Long in need of a champion capable of fully communicating their distinctive and multifarious personalities, Bartók’s piano concertos may have found one in this thrilling collaboration between Pierre-Laurent Aimard and Esa-Pekka Salonen’s San Francisco Symphony.

Steeped in all-things Hungarian, Aimard approaches these three strikingly different pieces – each bristling with not inconsiderable challenges of their own – with all the conviction of a true believer in what he describes as their “linguistically singular music”.

Salonen, too, is an avid proselytiser for Bartók, having previously recorded the concertos with Yefim Bronfman and the Los Angeles Philharmonic for Sony back in 1995. That long association pays one dividend after another here with the San Francisco ensemble sounding noticeably leaner and evincing more bite than during their stewardship by Salonen’s predecessor, Michael Tilson Thomas. Particularly satisfying is the shared determination to cast off the inherited mahogany-dark tenor and associated pugnacious tropes that have bedevilled Bartók’s piano concertos. The result is like hearing, revealingly, all three anew.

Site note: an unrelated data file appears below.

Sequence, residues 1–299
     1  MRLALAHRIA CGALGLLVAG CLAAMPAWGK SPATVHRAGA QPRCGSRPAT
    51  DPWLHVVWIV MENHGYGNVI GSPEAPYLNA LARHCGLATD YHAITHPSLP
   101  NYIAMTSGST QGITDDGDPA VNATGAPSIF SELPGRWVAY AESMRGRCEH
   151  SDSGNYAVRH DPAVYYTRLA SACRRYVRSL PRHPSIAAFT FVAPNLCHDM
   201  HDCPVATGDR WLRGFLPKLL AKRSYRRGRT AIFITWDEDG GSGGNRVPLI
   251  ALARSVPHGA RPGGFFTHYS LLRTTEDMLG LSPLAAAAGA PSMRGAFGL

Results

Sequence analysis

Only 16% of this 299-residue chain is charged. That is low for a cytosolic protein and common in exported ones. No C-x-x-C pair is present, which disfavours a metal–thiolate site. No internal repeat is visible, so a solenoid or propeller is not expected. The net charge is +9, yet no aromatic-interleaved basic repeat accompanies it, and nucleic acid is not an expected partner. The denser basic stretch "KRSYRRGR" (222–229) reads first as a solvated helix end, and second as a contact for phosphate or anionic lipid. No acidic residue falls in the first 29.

Composed in 1926, Bartók himself considered the First Concerto to be “difficult for audience and orchestra alike”. Certainly, its...